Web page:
CPAP Tubing: CPAP tubing can be replaced every five years, coinciding with the purchase of a new CPAP machine (because new CPAP machines come with new tubing). You should wash the CPAP tubing regularly. If you've got cats or dogs as pets - and if those cats and dogs have sharp teeth and claws - then your tubing might not make it more than a few months. The good news is that CPAP tubing is relatively inexpensive (unless the government is paying for it - then it's around $40 or more). CPAP users who use a humidifier might be inclined to replace the CPAP tube ofen because of concern of bacteria living in the tube. With frequent washing this shouldn't be too much of a concern. If you use a humidifier and don't want to wash your tube regularly, then by all means you should get a new tube more often than every five years!

Disposable Filter: We generally tell CPAP users that disposable filters like the white ultra-fine filters available for some CPAP machines last 2 to 3 months. We also tell them that the longevity of the filter is based in part on the environment in which the CPAP machine is being used. If the environment is particularly humid or dusty, then the disposable filter won't last as long. Visual inspection is the key to determining dispoable filter life. Think of it like you think of the air filter in your car, or your furnace filter. You probably replace those as needed instead of on a rigid schedule, and you probably look at those filters to determine if they need to be replaced.

Non-Disposable Filter: Non-disposable filters like the foam filters available for most CPAP machines can be washed and reused over and over again. This type of filter only needs to be replaced when the foam material starts to break down. As with the disposable filter, you'll need to visually inspect the foam filter to determine when it needs to be replaced. More frequent and/or vigorous rinsing or washing will reduce filter life. A typical foam filter will likely last a year or more. They'll certainly last six months under most conditions.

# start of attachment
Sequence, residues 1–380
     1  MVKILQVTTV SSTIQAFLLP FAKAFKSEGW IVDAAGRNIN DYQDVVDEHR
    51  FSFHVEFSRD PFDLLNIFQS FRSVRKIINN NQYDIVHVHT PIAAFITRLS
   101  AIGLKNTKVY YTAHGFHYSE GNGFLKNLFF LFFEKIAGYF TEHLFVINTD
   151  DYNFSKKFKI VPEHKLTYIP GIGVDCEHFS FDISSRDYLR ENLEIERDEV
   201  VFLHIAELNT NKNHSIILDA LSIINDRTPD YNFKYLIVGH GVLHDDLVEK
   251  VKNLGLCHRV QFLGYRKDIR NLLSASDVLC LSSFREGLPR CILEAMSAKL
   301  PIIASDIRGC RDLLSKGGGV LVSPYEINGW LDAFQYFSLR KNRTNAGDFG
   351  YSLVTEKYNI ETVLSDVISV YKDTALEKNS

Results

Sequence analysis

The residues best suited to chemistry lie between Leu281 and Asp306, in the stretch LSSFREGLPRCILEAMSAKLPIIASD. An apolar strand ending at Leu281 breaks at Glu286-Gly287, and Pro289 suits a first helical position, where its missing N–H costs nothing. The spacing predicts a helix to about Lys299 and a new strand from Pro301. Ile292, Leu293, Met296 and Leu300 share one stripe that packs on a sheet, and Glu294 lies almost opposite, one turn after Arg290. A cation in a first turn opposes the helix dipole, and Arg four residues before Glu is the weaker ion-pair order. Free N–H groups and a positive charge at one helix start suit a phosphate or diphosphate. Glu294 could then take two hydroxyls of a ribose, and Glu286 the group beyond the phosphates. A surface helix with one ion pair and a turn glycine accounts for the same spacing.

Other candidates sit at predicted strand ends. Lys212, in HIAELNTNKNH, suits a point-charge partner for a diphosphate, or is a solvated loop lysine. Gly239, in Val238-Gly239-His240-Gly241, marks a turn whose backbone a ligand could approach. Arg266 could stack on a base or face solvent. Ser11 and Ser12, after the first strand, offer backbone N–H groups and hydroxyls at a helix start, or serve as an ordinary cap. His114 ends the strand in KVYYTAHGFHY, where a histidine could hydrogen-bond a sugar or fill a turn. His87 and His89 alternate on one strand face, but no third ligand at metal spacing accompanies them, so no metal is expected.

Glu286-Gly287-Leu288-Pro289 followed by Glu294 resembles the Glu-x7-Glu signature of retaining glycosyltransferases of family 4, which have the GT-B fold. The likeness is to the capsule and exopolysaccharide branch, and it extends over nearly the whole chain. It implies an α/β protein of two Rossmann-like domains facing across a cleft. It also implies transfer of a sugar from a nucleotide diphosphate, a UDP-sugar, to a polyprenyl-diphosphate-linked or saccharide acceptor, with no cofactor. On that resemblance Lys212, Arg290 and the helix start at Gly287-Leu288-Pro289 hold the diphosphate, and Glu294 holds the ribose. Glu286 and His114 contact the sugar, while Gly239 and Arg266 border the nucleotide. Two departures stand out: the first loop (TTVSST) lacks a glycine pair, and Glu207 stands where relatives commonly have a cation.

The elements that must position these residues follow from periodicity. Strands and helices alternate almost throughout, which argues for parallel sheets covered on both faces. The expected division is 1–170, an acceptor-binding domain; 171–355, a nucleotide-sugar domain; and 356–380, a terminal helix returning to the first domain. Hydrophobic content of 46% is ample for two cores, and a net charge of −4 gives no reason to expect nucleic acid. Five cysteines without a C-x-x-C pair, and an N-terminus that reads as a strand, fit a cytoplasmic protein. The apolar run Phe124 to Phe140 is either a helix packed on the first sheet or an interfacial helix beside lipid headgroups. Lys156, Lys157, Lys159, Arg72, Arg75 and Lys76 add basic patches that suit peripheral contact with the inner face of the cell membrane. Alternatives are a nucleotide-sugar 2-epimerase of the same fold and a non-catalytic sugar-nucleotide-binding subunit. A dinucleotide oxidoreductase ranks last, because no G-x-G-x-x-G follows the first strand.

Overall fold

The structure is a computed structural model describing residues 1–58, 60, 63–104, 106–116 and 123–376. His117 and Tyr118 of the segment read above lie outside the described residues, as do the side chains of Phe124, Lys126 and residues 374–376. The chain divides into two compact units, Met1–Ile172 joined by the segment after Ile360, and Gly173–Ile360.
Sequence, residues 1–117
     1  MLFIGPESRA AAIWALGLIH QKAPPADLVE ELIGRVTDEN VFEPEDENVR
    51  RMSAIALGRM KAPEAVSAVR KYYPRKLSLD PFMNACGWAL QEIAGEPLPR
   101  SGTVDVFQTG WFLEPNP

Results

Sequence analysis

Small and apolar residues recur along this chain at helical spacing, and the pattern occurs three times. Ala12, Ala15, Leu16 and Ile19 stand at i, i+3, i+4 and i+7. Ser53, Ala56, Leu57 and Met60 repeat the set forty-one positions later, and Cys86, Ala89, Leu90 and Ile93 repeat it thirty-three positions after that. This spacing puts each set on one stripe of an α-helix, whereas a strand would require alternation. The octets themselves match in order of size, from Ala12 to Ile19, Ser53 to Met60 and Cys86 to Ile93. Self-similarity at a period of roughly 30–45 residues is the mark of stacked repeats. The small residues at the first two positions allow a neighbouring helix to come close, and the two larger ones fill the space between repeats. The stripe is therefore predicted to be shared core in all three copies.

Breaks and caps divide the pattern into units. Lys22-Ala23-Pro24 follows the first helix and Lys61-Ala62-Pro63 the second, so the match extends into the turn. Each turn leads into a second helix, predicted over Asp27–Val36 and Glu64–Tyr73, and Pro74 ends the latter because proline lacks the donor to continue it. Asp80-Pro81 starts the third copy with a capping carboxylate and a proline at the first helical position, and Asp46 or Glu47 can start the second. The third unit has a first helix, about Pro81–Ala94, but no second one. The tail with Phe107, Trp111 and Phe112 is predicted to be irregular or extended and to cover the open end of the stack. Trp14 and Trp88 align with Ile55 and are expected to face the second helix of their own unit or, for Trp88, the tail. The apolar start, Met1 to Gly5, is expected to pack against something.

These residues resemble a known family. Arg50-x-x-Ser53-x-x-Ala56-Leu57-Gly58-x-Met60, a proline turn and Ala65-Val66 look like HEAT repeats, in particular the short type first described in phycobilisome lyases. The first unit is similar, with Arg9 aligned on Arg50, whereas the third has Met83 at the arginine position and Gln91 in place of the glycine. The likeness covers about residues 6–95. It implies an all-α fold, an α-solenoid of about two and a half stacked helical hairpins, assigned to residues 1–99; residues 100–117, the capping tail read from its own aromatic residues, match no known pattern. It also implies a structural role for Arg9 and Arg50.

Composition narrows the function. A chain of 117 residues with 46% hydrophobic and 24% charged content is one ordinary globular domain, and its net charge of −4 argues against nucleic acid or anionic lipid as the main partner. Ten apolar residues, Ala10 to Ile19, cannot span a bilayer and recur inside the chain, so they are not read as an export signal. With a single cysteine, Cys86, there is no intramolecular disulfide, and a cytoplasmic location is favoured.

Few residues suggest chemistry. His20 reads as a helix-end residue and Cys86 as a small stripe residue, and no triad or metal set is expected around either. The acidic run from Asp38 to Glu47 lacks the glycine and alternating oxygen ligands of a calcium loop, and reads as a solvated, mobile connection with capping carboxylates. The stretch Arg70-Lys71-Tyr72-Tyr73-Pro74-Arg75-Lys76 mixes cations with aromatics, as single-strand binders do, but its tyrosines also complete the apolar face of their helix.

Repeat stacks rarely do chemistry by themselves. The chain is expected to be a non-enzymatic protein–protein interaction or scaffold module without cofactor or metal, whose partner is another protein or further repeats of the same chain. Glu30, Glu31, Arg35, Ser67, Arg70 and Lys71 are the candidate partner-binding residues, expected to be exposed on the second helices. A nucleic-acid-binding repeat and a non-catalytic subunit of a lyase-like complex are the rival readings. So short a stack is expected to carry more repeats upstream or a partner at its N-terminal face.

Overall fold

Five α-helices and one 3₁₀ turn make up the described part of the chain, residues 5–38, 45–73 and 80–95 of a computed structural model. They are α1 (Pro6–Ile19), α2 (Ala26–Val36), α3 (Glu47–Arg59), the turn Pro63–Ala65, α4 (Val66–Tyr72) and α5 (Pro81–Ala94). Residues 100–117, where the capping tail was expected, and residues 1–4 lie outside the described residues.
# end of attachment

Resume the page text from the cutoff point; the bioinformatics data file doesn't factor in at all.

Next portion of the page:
Oral Interface: See comments for Full Face Mask. Incidentally, the only CPAP mask we sell currently that falls into this category is the Fisher & Paykel Oracle CPAP mask with headgear.

Heated Humidifier: Use it 'til it breaks. Typical lifespan is similar to that of a CPAP machine, although the warranty period for humidifiers is generally a year less than that of CPAP machines. You'll know your humidifier is broken when the heater plate no longer heats up. For humidifiers with variable heat settings the different heat settings might have no effect. For example, if the heater plate is super hot on the lowest heat setting, or when the heat is turned off, your heated humidifier is broken.

CPAP Machine: We talk to hundreds of CPAP users a week, and every so often we talk to someone who has been using the same CPAP machine for the last 15 years or even longer. While that's not entirely typical, it is possible for CPAP machines to last that long. The typical life span of a CPAP machine is 5 to 7 years. We highly recommend getting a backup CPAP machine especially if your current CPAP machine is more than a couple of years old. That way you'll never be without a CPAP machine, even when one of yours stops working.

Now, let me make it more simple. Since most people don't buy just the frame of a mask when they're going to replace their nasal or full face mask. I'll ignore those types of components as they're listed on the CMS reibursment schedule. Look at the simpler chart below:'s Recommendations for CPAP Supply Replacement

ItemHCPCS Recommended Replacement Schedule
Full Face Cushion A7031 3 - 6 months
Nasal Cushion A7032 3 - 6 months
Replacement Pillow A7033 3 - 6 months
Entire Mask Kit -- 3 - 6 months
CPAP Headgear A7035 4 - 6 months
CPAP Chinstrap A7036 4 - 6 months
CPAP Tubing A7037 5 years
Disposable Filter A7038 2 - 3 months
Non-disposable Filters A7039 6 months
Heated Humidifier E0562 5 Years, backup recommended within 2 years
CPAP Machine E0601 5 Years, backup recommended within 2 years

If you have any questions about your CPAP equipment in particular, or if you have equipment maintenance suggestions - ideas to make CPAP equipment last even longer - feel free to contact us by phone, email or live chat.

Andrew Senske
President is a leading online retailer of CPAP equipment. Located in Spokane, WA has been serving thousands of customers around the world since 2001. Founded on a belief that patients are their own best primary care providers, understands the importance of educating patients and customers on both the effects of and treatment for obstructive sleep apnea. For more information visit or call toll free 1-888-955-2727.